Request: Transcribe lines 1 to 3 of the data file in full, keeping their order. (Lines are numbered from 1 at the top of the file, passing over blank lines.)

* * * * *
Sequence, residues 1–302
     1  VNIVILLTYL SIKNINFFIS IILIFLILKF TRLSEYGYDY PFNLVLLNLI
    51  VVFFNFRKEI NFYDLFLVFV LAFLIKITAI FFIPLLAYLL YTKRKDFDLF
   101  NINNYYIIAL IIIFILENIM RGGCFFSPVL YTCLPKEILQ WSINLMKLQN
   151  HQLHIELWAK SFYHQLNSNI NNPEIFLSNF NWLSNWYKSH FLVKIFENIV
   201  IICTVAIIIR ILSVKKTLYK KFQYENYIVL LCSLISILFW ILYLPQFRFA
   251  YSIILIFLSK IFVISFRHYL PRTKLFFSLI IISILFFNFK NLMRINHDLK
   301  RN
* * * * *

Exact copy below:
Sequence, residues 1–302
     1  VNIVILLTYL SIKNINFFIS IILIFLILKF TRLSEYGYDY PFNLVLLNLI
    51  VVFFNFRKEI NFYDLFLVFV LAFLIKITAI FFIPLLAYLL YTKRKDFDLF